Jun 17, 2008  •  In Books, Reviews

Book Review: Bonk

I’d written before that science and mathematics were never my forte in school.

Which is unfortunate, because I love learning the facts and figures behind our amazing world.

This is precisely why I get overly excited when I watch a program (hello, Discovery, History, and the National Geographic channels!) or read a book that can explain things to me in straight, matter-of-fact, and entertaining ways that do not make me want to gouge out my eyes.

A few years ago I picked up a book called Stiff: The Curious Lives of Human Cadavers by Mary Roach. Roach takes a macabre and often shushed topic to investigate the science and industry surrounding death…in a highly entertaining and hilarious manner. I loved it.

So when her new book, Bonk: The Curious Couping of Science and Sex, was released, I grabbed a copy right away.

The book did not disappoint.

Roach’s study of sexual physiology takes the reader through history, sociology, and of course, biology to answer the whats, whys, and hows behind sex. She visits smelly animal breeding facilities, attends sex workshops, takes a tour of a sex toy company, and even participates in scientific studies in order to get the facts.

Here are just some of the things I learned:

  • The pig’s penis, like their tails, is shaped like a corkscrew.
  • The male pig is the only animal aside from the human male to fondle breasts during sexual encounters.
  • Amputees often suffer from the “phantom limb” syndrome. This can, in fact, occur with penis amputees as well. Consider the “phantom erection,” where the sensation was so vivid that the sufferer would bend over and check for its presence.
  • A 1990 issue of Sports Medicine published an article called “The Sexual Response as Exercise.” The author’s name? Dorcus Butt. (Imagine the playground teasings this psychologist must have received as a child! And to answer your question, no, sex does not make for a good workout.)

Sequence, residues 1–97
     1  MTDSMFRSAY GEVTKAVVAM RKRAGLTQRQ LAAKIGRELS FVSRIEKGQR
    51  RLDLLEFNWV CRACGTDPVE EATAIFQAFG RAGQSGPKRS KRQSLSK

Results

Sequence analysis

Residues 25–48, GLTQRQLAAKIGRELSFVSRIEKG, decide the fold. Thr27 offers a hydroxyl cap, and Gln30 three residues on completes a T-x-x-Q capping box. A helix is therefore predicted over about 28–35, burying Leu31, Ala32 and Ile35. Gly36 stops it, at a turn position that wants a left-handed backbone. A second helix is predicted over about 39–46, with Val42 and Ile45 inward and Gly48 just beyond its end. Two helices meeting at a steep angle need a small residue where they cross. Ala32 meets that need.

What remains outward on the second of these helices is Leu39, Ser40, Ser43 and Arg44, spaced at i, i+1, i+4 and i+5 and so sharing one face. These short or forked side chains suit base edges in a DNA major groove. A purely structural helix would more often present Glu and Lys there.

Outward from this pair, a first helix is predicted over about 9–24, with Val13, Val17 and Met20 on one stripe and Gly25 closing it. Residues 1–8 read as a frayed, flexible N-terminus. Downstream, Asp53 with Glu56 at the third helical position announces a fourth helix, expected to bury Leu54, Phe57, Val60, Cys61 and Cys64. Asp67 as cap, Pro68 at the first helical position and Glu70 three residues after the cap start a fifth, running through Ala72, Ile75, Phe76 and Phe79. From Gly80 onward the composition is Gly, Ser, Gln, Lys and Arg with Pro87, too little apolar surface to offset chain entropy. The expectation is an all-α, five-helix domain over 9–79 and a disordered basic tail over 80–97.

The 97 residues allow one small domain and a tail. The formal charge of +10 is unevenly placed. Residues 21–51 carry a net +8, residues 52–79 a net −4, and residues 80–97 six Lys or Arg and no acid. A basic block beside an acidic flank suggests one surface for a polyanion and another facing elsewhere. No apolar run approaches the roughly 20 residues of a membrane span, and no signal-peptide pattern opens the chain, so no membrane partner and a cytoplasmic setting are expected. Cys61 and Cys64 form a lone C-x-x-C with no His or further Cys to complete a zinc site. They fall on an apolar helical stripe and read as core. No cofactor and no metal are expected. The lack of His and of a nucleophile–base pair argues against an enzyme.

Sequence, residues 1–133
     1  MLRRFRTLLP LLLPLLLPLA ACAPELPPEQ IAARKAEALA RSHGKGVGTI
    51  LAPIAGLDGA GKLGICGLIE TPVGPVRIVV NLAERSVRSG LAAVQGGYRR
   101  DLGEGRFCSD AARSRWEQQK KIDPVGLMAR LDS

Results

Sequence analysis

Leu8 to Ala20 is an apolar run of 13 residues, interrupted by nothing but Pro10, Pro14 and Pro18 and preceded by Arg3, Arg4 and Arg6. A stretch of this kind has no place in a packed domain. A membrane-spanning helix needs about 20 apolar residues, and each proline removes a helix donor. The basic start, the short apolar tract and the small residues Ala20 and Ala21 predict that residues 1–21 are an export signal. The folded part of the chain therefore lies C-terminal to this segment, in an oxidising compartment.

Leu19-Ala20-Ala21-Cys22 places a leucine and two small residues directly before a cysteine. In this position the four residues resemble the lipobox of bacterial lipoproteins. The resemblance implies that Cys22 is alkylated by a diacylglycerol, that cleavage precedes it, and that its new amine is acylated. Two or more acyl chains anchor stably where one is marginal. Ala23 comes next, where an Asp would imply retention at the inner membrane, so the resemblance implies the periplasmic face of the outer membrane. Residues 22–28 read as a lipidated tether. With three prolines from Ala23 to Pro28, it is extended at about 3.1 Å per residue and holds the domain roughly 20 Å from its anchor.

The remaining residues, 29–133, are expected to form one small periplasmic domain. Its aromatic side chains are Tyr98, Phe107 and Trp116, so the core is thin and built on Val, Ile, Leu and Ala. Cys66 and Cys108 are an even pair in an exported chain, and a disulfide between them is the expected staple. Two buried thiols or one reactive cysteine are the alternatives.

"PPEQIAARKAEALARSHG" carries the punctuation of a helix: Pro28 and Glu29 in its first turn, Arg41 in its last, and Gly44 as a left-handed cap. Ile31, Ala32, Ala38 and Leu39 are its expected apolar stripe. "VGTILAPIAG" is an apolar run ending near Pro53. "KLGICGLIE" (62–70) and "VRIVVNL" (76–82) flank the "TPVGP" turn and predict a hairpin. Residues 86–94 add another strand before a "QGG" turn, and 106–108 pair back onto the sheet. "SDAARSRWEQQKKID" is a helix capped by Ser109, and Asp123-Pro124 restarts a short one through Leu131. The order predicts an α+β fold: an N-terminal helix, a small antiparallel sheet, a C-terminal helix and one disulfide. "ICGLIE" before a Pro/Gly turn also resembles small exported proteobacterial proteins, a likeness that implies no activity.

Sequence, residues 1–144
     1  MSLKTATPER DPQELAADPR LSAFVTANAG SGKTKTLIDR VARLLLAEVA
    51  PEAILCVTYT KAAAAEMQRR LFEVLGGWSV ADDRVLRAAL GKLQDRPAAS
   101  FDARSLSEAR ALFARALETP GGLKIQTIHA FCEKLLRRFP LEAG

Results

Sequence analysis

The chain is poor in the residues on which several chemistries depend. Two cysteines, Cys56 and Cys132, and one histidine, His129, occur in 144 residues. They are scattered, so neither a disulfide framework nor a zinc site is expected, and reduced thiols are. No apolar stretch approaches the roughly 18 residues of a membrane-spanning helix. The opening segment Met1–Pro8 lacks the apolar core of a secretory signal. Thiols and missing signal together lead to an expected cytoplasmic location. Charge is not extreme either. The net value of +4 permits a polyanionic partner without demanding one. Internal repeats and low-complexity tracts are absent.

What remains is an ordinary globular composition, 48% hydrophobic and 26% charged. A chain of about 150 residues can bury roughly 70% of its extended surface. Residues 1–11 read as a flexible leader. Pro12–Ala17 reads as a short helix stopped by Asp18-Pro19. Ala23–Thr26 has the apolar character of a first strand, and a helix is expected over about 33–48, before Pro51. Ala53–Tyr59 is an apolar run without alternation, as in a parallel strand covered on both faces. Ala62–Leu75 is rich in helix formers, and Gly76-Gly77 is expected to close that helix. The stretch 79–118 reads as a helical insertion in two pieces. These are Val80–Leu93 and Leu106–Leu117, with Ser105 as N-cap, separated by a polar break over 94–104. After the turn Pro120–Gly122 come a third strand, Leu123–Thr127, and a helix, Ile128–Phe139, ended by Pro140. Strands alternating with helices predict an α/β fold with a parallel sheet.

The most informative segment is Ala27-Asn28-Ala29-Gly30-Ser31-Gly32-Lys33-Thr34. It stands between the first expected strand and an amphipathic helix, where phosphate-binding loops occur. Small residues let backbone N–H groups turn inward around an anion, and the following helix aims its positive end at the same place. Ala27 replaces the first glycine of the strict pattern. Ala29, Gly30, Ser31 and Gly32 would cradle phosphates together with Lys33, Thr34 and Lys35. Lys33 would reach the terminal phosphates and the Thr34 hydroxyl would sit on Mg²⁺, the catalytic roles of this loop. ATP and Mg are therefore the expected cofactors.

• A 2003 issue of Seizure reported a Taiwanese woman who, once or twice a week, would have an orgasm (followed by a mild seizure) when she brushed her teeth. And yes, this was proven via EEG.
  • Roach’s favorite sentence from Alfred Kinsey’s famous Sexual Behavior in the Human Female is, “Cheese crumbs spread in front of a copulating pair of rats may distract the female, but not the male.”
  • Contrary to stereotype, men are more selective in their preferences for visual stimulus. Women, both gay and straight, respond physically to sexually erotic images regardless of who is engaging in it or doing what. Men only tend to respond to stimulus that fits their sexual orientation and interests.

As always, the book is filled with lengthy footnotes containing anecdotal evidence and humorous FYI’s. My favorite?

Nominations for a Nobel Prize, I found out when I contacted the Nobel Foundation to try to verify Shafik’s, remain secret for fifty years. You make the claim, and nobody can prove otherwise until after you’re dead. Add one to your resume today!

All in all, a highly informative and entertaining book. I highly recommend it for information junkies with short attention spans such as myself.

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